Always see for your self!
½ April 18, 2016
Dario Argento is one of those filmmakers that even though you may not always like his work, you have to at least appreciate it in some way. He most definitely has his own style and approach to his work and the results are usually positive, at least throughout the formative years of his career. Tenebre is another in a long line giallos, but also comes across as a bit of a cliche story-wise. This type of plot has been done countless times before and since, which is a story about a killer who murders people based on the murders from a popular horror novel, and that the author of the novel is also in danger because of it. Despite that, it still feels fresh, and is genuinely suspenseful at times. It's also well photographed, and can be quite beautiful, despite how grisly it is. Argento is really on top of his game with this film. Great performances and another fantastic score also help to make this one a winner. If you're a horror fan, then definitely see it.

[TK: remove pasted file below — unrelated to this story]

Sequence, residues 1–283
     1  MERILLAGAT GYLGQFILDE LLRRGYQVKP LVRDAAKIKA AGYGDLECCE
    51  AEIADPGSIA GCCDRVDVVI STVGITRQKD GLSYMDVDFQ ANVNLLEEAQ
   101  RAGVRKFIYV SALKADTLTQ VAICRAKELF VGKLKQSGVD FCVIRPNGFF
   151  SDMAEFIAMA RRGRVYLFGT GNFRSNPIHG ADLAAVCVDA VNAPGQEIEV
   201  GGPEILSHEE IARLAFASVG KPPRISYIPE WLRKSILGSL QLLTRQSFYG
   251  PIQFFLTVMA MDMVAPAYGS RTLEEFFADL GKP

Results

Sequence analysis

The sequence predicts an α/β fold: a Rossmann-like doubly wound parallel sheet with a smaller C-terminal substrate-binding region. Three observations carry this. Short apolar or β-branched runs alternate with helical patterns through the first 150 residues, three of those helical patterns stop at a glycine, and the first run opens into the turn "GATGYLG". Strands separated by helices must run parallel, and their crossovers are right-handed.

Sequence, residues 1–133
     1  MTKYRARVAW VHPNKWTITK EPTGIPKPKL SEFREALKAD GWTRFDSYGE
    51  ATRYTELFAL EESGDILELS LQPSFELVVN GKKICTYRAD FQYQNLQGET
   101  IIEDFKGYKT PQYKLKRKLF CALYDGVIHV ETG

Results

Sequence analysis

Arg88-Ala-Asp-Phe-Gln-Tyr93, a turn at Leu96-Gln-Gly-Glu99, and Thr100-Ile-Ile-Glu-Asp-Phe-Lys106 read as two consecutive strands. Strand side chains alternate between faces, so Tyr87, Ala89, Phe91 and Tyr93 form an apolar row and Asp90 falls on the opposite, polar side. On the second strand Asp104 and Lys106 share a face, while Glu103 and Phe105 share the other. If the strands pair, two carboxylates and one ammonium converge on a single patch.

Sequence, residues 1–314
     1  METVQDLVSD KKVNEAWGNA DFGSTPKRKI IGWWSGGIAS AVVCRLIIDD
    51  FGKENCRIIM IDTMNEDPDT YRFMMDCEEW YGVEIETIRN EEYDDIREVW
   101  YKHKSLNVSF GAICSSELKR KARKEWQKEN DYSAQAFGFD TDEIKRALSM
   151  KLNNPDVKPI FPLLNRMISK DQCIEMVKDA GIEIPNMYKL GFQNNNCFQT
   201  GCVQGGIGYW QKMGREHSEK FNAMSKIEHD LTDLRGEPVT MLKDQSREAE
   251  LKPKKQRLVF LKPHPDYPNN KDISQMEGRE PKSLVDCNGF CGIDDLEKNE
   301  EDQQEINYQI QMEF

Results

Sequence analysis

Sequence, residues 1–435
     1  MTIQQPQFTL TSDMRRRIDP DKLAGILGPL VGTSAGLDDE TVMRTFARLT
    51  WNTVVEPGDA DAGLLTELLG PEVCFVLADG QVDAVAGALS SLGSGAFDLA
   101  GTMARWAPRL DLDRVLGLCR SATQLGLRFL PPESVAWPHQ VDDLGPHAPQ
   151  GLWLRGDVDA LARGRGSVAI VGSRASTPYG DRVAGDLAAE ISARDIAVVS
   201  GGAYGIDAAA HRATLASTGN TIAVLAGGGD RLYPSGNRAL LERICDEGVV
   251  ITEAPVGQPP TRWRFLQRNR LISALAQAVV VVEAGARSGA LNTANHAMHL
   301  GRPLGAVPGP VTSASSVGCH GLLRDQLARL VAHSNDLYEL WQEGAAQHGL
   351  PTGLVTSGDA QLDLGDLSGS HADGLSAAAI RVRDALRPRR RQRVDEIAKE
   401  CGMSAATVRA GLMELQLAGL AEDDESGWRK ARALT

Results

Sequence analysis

February 22, 2016
Probably Argento's "brightest" movie in terms of lighting, Tenebre manages to be still creepy and very unique in it's whodunit genre with an unexpected plot twist I haven't seen in any other movie before or since.
½ February 13, 2016
'Tenebre' finds Dario Argento at his finest in this twisty, stylish shocker. It's part slasher, part murder mystery, and it always keeps the viewer guessing.
½ November 17, 2015
Dario Argento is broken. It's 1982, and his celebrated horror masterpieces of the 1970s seem like a thing of the past, an unmatchable era. Angry members of the press have derided him for his alleged misogyny, as his famed films, such as "Suspiria" and "Inferno," use the stylized murders of beautiful women as set pieces in his overall vision. In 1980, an obsessed fan telephoned him numerous times with increasingly violent zeal; "Inferno," mega-hit "Suspiria"'s follow-up, flopped commercially. Despite the previous decade's many successes (consider his "The Bird with the Crystal Plumage" arguably created the giallo subgenre of the slasher movie), his career seemed to be on the downturn, toutings of him being the Italian Hitchcock waning rapidly.